Friday, August 14, 2009

Addicted to a new genre

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Until 8 months back I had not read a single graphic novel in my life. After a close friend gave high praise to Watchmen I finally decided to take the plunge and was instantly enthralled. After I finished the book I read it cover to cover again.

After this I was hooked. I followed Watchmen up with V for Vendetta, From Hell and Logicomix which I reviewed earlier, all in quick succession. Yesterday I finished Maus and realized the true uniqueness of the genre; I cannot imagine how Maus could have had half as much impact in normal novel form as it did as a graphic novel. Now I have just picked up the newly published Asterios Polyp by David Mazzucchelli. It's utterly fascinating and unlike anything I have seen; as the Amazon review says, the comics equivalent of a Pynchon or Gaddis novel.

The allure of the graphic novel is for obvious reasons and yet the beauty is in its details. The most important reason why a graphic novel entertains and fascinates is because along with words, the writer has a wholly new and unique dimension to give voice to his ideas. It is as if a three dimensional human being could suddenly travel through the fourth dimension of time. The melting pot of words, pictures and colors creates limitless possibilities and evokes strange and wonderful emotions. Consider Maus; without the portrayal of the Jews, Americans, Poles and Nazis as rather crudely drawn animals, the story would not have been transformed into the disturbing, dark, bizarre, touching and unique concoction that it did. I have read several stories about the Holocaust and Holocaust survivors, and yet Maus retold me that horrendous tale on a totally different level, mainly because it was in comic book form.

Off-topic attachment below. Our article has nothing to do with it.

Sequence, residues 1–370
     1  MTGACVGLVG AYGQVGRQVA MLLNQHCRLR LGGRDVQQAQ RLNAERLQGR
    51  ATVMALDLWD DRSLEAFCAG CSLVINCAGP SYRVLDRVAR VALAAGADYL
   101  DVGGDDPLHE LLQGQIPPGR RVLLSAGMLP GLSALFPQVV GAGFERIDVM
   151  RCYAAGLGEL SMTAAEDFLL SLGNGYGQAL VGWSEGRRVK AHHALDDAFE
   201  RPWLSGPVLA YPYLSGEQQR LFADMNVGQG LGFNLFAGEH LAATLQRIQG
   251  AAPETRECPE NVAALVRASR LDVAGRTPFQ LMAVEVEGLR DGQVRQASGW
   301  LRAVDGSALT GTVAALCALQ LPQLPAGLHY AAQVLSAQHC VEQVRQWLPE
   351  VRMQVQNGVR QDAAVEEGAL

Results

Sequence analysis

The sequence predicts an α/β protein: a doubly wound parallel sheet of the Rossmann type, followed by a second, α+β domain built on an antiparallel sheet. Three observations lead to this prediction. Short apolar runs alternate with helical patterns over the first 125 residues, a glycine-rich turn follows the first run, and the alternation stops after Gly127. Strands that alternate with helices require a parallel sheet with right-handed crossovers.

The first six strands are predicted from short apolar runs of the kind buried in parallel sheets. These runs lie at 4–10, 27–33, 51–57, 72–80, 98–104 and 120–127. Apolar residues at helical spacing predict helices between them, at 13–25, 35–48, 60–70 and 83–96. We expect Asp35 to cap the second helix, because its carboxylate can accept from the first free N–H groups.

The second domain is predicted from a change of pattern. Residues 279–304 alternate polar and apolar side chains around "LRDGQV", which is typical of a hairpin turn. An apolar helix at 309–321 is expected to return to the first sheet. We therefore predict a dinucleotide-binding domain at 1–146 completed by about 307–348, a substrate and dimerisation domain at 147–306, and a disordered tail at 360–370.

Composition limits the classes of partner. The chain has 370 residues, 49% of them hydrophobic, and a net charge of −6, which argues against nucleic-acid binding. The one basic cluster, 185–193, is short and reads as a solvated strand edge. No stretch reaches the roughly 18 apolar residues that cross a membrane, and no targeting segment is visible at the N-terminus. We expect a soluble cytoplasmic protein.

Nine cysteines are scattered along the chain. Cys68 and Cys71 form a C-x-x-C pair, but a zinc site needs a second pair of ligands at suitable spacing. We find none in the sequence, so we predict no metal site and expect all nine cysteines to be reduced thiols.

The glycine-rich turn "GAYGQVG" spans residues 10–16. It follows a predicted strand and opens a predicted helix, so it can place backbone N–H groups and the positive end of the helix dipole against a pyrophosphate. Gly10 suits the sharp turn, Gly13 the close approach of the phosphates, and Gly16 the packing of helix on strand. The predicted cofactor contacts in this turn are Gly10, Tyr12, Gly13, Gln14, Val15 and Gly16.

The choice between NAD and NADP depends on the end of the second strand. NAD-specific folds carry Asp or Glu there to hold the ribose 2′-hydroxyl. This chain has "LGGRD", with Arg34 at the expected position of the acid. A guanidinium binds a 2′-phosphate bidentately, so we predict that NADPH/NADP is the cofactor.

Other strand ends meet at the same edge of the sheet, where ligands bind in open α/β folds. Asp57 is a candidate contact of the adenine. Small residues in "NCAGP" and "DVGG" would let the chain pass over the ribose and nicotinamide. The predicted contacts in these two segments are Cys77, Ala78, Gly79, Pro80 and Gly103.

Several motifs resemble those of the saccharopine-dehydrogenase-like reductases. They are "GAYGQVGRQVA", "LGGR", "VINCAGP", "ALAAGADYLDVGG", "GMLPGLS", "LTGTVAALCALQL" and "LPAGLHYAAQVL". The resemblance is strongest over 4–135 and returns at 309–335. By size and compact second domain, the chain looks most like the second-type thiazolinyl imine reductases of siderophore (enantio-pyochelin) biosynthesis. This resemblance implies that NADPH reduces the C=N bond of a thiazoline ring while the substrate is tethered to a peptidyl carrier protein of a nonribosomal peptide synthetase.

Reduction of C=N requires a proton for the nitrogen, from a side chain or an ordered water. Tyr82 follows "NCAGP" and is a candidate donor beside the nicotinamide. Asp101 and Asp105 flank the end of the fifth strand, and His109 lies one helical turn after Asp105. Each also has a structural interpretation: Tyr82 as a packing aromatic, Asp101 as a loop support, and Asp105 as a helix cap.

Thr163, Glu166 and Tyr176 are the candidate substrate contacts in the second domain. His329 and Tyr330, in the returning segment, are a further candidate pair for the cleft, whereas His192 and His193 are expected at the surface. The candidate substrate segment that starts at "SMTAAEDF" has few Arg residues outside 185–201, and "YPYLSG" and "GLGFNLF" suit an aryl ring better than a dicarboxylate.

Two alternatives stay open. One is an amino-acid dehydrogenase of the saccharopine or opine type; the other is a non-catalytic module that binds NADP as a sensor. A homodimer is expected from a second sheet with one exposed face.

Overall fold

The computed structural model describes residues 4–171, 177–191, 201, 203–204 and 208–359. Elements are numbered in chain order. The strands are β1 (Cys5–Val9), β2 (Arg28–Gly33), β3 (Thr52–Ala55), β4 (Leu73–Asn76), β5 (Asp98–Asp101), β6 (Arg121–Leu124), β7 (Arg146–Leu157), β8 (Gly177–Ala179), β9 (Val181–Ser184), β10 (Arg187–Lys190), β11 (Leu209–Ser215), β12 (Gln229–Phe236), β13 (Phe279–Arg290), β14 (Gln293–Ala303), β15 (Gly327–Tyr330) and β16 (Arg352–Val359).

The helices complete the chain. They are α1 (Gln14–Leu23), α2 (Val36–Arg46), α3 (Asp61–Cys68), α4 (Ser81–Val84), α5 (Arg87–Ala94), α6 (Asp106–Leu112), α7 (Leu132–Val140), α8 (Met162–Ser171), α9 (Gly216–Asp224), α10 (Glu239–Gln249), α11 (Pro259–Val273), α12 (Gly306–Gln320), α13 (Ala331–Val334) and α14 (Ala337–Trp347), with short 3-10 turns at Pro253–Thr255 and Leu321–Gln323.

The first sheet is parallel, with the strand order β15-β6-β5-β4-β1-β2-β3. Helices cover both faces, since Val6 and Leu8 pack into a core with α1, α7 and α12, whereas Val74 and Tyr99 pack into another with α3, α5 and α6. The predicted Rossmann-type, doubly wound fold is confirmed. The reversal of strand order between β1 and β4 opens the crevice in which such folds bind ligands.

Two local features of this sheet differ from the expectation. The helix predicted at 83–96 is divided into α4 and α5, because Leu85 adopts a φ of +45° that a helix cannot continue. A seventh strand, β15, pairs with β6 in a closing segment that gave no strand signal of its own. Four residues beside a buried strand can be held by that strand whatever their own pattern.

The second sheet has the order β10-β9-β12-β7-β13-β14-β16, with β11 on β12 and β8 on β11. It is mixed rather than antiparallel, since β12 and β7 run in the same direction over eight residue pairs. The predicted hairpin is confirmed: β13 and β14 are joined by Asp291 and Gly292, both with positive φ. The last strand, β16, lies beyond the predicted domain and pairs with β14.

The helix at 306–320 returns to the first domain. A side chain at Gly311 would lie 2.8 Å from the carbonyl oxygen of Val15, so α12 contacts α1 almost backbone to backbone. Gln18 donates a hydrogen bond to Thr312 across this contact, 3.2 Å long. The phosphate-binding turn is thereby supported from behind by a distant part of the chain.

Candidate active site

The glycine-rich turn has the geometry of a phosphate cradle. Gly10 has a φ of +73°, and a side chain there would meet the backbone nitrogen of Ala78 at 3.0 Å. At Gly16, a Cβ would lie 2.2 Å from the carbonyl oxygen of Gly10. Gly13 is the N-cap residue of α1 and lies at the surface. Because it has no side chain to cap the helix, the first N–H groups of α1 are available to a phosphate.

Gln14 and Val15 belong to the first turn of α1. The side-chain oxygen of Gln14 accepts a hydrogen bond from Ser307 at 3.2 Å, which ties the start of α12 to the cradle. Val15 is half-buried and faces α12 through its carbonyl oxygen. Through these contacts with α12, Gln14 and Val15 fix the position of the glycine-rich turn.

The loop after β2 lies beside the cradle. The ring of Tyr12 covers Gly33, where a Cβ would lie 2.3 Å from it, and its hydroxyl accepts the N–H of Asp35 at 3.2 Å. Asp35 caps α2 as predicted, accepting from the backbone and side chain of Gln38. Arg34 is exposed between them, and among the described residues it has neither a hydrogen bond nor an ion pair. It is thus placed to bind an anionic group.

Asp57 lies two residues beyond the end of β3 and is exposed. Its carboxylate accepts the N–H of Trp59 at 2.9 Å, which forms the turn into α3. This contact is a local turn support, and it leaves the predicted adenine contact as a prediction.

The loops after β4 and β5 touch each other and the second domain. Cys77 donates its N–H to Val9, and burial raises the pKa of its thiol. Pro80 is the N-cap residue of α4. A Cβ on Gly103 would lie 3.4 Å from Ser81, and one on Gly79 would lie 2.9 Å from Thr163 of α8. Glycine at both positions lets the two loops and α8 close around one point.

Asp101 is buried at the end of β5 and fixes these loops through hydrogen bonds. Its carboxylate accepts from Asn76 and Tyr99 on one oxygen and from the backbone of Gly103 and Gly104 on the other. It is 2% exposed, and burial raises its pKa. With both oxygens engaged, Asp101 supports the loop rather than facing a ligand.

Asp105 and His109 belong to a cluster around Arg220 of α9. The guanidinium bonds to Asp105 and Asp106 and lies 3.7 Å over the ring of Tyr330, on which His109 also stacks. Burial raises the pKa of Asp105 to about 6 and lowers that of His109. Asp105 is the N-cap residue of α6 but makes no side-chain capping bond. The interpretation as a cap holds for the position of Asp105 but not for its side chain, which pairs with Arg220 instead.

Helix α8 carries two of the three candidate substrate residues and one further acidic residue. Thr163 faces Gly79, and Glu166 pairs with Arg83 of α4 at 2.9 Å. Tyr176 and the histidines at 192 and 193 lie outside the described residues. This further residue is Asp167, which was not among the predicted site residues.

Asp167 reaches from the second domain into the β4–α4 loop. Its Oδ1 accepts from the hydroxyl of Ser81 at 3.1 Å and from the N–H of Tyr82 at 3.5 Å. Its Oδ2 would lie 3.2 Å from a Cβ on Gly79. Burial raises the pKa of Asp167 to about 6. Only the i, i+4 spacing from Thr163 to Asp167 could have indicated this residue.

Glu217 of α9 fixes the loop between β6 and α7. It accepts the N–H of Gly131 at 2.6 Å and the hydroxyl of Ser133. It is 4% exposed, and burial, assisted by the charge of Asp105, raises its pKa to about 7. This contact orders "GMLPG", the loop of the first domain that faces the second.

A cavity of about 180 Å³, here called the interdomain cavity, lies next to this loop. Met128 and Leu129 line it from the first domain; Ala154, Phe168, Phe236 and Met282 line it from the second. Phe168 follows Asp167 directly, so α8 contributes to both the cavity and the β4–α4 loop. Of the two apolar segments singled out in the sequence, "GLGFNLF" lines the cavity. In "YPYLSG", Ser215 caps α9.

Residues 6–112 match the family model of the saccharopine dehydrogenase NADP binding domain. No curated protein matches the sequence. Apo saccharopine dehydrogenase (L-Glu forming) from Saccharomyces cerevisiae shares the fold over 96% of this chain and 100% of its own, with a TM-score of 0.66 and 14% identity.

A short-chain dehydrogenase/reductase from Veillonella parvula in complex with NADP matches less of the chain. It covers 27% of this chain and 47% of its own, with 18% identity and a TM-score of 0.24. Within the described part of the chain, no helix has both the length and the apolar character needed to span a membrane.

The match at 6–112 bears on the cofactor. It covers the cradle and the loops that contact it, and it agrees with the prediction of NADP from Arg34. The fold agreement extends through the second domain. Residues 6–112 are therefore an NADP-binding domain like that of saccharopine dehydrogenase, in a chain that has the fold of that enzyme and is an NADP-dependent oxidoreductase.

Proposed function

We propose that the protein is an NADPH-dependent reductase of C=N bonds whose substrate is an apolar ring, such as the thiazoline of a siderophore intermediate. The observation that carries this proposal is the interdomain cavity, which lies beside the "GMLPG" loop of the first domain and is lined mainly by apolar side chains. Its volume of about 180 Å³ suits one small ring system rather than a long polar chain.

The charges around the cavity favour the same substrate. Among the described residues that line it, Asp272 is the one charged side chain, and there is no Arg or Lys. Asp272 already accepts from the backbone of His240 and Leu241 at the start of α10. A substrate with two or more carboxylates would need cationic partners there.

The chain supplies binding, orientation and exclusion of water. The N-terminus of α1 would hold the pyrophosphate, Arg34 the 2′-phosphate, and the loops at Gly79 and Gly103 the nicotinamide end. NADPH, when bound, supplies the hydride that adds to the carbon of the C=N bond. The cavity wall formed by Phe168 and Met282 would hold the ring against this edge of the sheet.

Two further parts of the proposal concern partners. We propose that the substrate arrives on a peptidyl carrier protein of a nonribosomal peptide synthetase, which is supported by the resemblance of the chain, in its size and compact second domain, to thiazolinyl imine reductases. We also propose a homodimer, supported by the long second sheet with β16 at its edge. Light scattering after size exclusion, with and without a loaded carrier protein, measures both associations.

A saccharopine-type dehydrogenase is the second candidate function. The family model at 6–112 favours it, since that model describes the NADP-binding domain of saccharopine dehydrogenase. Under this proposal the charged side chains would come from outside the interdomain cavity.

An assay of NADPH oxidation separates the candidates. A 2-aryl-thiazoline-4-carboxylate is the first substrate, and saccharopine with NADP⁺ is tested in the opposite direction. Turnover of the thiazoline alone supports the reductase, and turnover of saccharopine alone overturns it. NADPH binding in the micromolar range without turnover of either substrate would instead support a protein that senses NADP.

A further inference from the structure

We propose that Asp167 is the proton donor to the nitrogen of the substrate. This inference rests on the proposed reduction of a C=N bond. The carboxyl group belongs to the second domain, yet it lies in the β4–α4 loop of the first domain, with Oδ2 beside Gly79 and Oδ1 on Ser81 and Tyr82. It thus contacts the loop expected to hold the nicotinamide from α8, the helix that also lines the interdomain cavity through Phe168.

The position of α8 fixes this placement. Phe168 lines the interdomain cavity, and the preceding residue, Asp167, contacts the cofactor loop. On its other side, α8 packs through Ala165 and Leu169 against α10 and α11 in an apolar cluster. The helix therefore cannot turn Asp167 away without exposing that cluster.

The same goes for Asterios Polyp, and at this point I can't even describe this strange and amazing piece of work. In fact I don't want to until I digest and assimilate its unique contents. Suffice it to say that one of the things Mazzucchelli does is to portray different humans in different shapes and sizes, and these parameters have a very interesting connection with their personalities. Something like this could be possible only in a graphic novel, and I look forward to reading many more of these singular creations.



Blogger Rhucha said...

I don't believe that you have never read graphic novel until now. What about X Men and Phantom? I always enjoyed reading them and I completely agree with you about the novelty of these creations bring to the world of reading. The graphics are so vivid and beautifully done that I can easily visualize the real characters and their voices and personalitites. I still remember the Phantom and his horse and all the tales. Glad to know you are enjoying this new genre.

11:47 AM  
Blogger Wavefunction said...

Oh of course! I was a big fan of Phantom, Mandrake and almost all of Asterix and Tintin. It's just that a lot of times they were not very philosophical. And I never read another one till last year, a gap of at least 110-15 years.

7:16 PM  

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